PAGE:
Who will carry the torch when he passes away?

To read more about the Schweitzer Award, see  For more about John Denver’s career, see  For a good listen, go to “You Say the Battle Is Over”.


Friday Night

What do you think about on the drive home?  (What can I make for dinner out of what’s left in the ‘fridge?)  How do you get comfortable?  (I take off my corset as soon as possible!)  Do you eat first or relax first?  (I eat and have a glass of wine.  Then I put my feet up.)  How long can you go before you fall asleep? (Not very long.  I often nod off by 8pm, and then I have to wake up to brush my teeth and REALLY go to bed at 10pm.)  Man!  Do I sound OLD!?! 

I have to be at work again by 8am tomorrow for an All Staff Meeting.  It’s gonna take me 45 min. to get there, too.  No boogieing for me tonight!  

My prayers to the Universe tonight include appreciation for the cooler weather today (a fleeting phenomenon…in the 90s again tomorrow) and a deep grief over the violence in our culture, a hope that kindness and respect for all life will prevail some day.


How Old is Old?

I am trying to wrap my brain around history.  As an interpreter at Old World Wisconsin, I talk about St. Peter’s Church, the first Catholic chapel & cathedral in Milwaukee, which was built in 1839.  The liquid glass in the windows is rippled with age.  Kids who come by can’t believe that the pump organ isn’t hooked up to speakers and that the stops don’t produce drum patterns or other synthetic sound loops when I pull the knobs.  My blog friend, Stuart, is posting amazing photos of Gloucester Cathedral (you must pay a visit…click here to see his shots) built in 1350 or so.  Stone masonry and stained glass and soaring vaults predating the little immigrant church by 500 years – shows you that history isn’t about straight-line ‘progress’, it’s a complicated story with twists and turns and explosions and annihilation thrown in.   Then compare this photo of Mesa Verde in Colorado, a cliff dwelling inhabited somewhere between 600 and 1300 AD, most likely closer to 1200 AD. 

What we do with the raw materials at hand, the technology available and our cultural values is totally up to us.  So much is possible.  So much has always been possible.  What are we doing today?  How will our imprint appear in 500 years?   It’s a lot to think about.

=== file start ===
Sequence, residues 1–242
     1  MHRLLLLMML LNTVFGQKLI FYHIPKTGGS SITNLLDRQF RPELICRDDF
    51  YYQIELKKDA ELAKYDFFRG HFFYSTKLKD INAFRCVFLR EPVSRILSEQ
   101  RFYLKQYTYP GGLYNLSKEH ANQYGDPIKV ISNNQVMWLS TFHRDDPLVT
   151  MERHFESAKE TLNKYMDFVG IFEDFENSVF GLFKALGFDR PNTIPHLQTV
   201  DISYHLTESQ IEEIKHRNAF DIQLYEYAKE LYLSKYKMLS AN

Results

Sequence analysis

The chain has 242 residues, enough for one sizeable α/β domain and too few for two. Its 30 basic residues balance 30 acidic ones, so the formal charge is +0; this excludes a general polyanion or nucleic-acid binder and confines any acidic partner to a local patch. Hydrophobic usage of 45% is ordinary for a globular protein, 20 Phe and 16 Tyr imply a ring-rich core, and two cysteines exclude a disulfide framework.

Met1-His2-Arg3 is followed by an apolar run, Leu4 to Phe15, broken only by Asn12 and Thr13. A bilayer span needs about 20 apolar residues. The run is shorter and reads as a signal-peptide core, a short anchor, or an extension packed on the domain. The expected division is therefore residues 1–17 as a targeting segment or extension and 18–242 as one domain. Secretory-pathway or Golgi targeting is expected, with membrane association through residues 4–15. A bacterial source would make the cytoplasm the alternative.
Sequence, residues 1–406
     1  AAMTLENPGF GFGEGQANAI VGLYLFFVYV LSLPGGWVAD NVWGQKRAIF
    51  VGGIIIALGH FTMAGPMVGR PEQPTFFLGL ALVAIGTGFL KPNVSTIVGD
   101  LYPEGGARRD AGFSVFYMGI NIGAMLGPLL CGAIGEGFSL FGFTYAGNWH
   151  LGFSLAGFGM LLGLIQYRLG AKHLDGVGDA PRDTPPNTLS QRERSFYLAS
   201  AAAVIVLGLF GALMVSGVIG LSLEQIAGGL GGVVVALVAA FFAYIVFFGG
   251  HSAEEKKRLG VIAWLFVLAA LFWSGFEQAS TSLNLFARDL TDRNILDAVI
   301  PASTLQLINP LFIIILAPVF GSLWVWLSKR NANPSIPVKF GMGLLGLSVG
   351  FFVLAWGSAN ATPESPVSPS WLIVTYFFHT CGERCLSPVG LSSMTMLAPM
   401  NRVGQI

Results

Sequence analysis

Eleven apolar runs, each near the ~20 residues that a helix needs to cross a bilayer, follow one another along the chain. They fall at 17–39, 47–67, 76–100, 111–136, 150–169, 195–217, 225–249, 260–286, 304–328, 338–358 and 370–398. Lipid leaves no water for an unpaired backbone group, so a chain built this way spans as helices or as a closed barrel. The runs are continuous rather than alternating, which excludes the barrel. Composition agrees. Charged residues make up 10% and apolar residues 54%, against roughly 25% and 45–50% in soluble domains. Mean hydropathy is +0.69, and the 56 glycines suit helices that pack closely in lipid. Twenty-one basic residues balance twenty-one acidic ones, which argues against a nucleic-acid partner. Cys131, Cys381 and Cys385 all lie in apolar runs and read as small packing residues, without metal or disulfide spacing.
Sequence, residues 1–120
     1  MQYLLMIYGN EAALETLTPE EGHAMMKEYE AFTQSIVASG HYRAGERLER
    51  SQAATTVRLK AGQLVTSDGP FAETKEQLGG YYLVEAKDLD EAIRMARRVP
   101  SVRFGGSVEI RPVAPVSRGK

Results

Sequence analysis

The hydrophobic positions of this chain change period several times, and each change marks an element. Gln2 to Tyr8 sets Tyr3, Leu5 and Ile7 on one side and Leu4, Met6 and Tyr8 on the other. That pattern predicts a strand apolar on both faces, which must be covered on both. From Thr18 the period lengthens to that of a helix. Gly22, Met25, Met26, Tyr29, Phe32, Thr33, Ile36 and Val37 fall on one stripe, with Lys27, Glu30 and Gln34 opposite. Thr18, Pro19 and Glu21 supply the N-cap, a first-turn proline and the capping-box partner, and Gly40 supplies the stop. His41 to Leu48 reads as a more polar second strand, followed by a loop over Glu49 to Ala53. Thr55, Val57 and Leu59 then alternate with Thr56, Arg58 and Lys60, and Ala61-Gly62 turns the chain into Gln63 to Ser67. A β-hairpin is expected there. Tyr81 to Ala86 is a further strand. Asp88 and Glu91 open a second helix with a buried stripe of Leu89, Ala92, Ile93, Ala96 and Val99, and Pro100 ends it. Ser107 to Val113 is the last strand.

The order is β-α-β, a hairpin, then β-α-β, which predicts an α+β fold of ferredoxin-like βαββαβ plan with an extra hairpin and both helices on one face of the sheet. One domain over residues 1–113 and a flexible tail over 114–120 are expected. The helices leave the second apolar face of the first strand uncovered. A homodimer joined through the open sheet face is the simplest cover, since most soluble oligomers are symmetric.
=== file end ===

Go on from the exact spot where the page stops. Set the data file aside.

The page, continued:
Cultural Awareness

I am about to venture out into the retail world in search of shoes that might pass as reminiscent of the 1870s.  Having come up empty yesterday at two Goodwill shops, I’m not sure if I will be successful.  It’s interesting taking stock of what’s out there in the resale stores.  This is the stuff that people give away…and other people buy.  It’s not marketed; it’s not about status or brand.  It’s about filling a need with something serviceable.  I would do all my shopping at a resale place if I could.  That’s probably why my kids call me “cheap”.  I don’t get the whole “status and style” idea.  I just want to get the job done.  I’m not trying to fit into a competitive culture of consumerism.  My “work outfit” for my new job will be a reproduction of 19th century pioneer clothing.  My “work outfit” for my last job was jeans and a T-shirt with the latest musical production logo on it.  I guess I have a different idea of dressing for success. 

One of Steve’s favorite fables is The Emperor’s New Clothes.  He often sees himself as the little boy at the side of the parade who looks on in bafflement at what everyone else is celebrating and asks, “Why are we doing this?”  He sometimes talks about it as being the one who points out the elephant in the room, that glaring awkwardness that no one wants to mention.  He’s not judgmental about it, he just wants to discuss it, bring it out into the open, make everyone aware of it.  He’s not cynical or sarcastic, he’s genuinely curious.  We don’t have a TV, but we do watch basketball games online that often include commercials.  Those ads bring up a lot of questions.  Why do we sell what we sell the way that we do?  Why is sex and violence so prevalent?  And stereotypes?  Why do we think having a good time is so important?  What do we really think is important?  And why?  Why?  What is the Big Idea?  Everything comes down to that level, that three year old inside who stands watching and asks, “Why?” 

It’s a really good question, I think, and one that I have been trained not to ask.  “Theirs not to reason why/ theirs but to do and die.” The military motto, President Bush’s command to go out and spend money rather than debate economic policy, my father’s and the Church’s instructions on being obedient…there are so many examples of hushing up that 3-year-old.  I admit that there are times when it’s useful to forgo the philosophical and act decisively and immediately, but shouldn’t we return to the subject eventually and periodically to keep our motivation clear?  There are members of society who are watchdogs to our conscience, in a way, and I very much respect them for their courage and thank them for the questions that I forget to ask.  I am more characteristically concerned with “How?”  I want to do things lovingly, primarily; efficiently, much of the time; and as correctly as possible.   That may say a lot about how effective my indoctrination into Judeo-Christian thought was.  

Intentionally asking both questions and fashioning a life around the answers we find deep in our experience is the focus of our Saturday Summit (what we call our “relationship discussions”).    The poetry prompt I found today on NaPoWriMo’s site challenged me to write a hay(na)ku, which is a recent poetic invention.  It’s simply 6 words in three lines of ascending (or descending) measure.   One word, two words, three words (any number of syllables) or vice versa.  We can link several together as well, we’re told.  So, here is my hay(na)ku series and a few photos. 


Keeps asking,

What is important?”


How –

Am I

A good person?”



Are for

Shaping my character.

How now, brown cow?

Why?  Just…why?